As to not liking liver or not:  my guess is that with time, and trusting one's instinct that most will eventually find a taste for it, and that is if the body needs it, and past ideas aren't still getting in the way.   Eating only when hungry is paramount though to engage instinct. 
   It really helps for 'newbies' to be able to share meals with others who have been eating this way for some time.   It so helps alleviate fears and doubts.   

Offline surfsteve

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Re: Variety?
« Reply #8 on: June 19, 2017, 10:33:00 am »
I discovered I need salt.  Himalayan salt works for me.

I had fungus / mold issues so I discovered Italian Seasoning.
https://en.wikipedia.org/wiki/Italian_seasoning

These are dried herbs and really do the job of helping kill of fungus and parasites.

As for variety of meats, hell yeah I went around and did my exploration with sources for horse, goat, various sea food like fish, clams, oysters, crabs, squid, sea weed (I live in an archipelago)... different fruts, different raw starches, different raw veggies. 

I dislike the taste of freshwater farmed fish, totally yuck tilapia / milkfish... too gross.
The last two times I tried farmed fish it made me sick and I quit eating it.

I've always been of the opinion that Celtic sea salt is better than Himalayan rock salt. It is my understanding that Celtic salt comes from the sea and is a living salt while Himalayan salt has been dried for millions of years and has had minerals leached out of it and had other minerals deposited into it. It also contains more sodium chloride and less trace minerals than Celtic salt does.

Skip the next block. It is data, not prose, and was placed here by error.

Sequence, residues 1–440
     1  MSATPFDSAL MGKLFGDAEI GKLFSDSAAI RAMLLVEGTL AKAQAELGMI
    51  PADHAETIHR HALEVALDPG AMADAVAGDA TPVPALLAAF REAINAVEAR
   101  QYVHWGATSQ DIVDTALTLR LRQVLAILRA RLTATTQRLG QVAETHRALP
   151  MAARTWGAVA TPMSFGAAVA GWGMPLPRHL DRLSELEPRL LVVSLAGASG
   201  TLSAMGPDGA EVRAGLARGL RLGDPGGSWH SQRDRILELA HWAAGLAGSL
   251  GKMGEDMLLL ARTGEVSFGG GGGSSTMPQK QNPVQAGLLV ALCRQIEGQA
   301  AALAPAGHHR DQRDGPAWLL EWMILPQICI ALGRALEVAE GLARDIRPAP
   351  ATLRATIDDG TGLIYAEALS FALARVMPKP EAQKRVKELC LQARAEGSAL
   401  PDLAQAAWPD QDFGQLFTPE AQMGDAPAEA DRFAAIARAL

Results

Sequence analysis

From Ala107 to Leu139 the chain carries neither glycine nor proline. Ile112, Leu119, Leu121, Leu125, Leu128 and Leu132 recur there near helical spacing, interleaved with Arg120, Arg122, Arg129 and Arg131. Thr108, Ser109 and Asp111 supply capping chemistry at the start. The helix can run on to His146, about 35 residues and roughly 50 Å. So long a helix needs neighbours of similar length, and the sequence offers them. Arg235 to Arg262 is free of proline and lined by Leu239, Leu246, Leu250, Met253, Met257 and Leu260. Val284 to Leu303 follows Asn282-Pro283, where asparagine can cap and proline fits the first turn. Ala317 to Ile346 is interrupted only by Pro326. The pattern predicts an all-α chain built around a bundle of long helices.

Offline goodsamaritan

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Re: Variety?
« Reply #9 on: June 19, 2017, 02:31:24 pm »
Van is correct about instinctive eating.
I myself do not season flavorings into food and learned that instinctive eating thing.
It is really helpful.

For example, instinctively I craved for raw starch, you can look it up here in this forum.

The seasonings I used were a curative thing for fungus mold
« Last Edit: June 19, 2017, 03:02:56 pm by goodsamaritan »
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Offline surfsteve

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Re: Variety?
« Reply #10 on: June 20, 2017, 01:58:56 am »
Interesting comment Goodsamaratin. I kind of crave raw starch too!

When I was a kid I loved taking a piece of raw potato while my mom was cutting them up. I would always get my fingers slapped if she saw me. I never liked potatoes cooked unless they were smother with gravy or butter or something to disguise their taste and texture.

Do you consider raw potatoes to be good for you? (My mom sure didn't!)

A couple of years ago I was juicing raw carrots or potatoes nearly every day. I was also eating a lot of cooked foods and put on a lot of weight. I blamed the sugar in the carrots and the starch in the potatoes for that. I mainly juiced them because they were cheap and thought they were just as good for you as other more expensive vegetables.

My instincts are telling me that it wasn't the starch from the potatoes. I've read about people even taking resistant starch to loose weight but that has been cooked (and cooled).

What are your thoughts on eating raw potatoes and juicing them? I bet I could whip up a tasty version of raw beef hash!

What about carrots? I quit eating them too too but a tiny package of organic “baby” carrots caught my eye and I bought and put some on a salad the day before yesterday and found them to be very good!

« Last Edit: June 20, 2017, 02:07:16 am by surfsteve »

Offline TylerDurden

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Re: Variety?
« Reply #11 on: June 23, 2017, 02:07:12 am »
Food-groups  I have eaten:-

Raw shellfish
Raw fish
Raw eggs
Raw wild game and their raw organ-meats
Raw grassfed meats and raw grassfed organ meats
Unusual raw fruits such as medlars
Some raw vegetables such as radishes and carrots but rather few for various reasons.


There is a huge variety of foods within such food-groups, eg:-  raw swordfish, raw brains, pink bananas, live lobsters, live octopus, raw crabs, raw moufflo, raw wild boar, raw deer marrow etc. etc.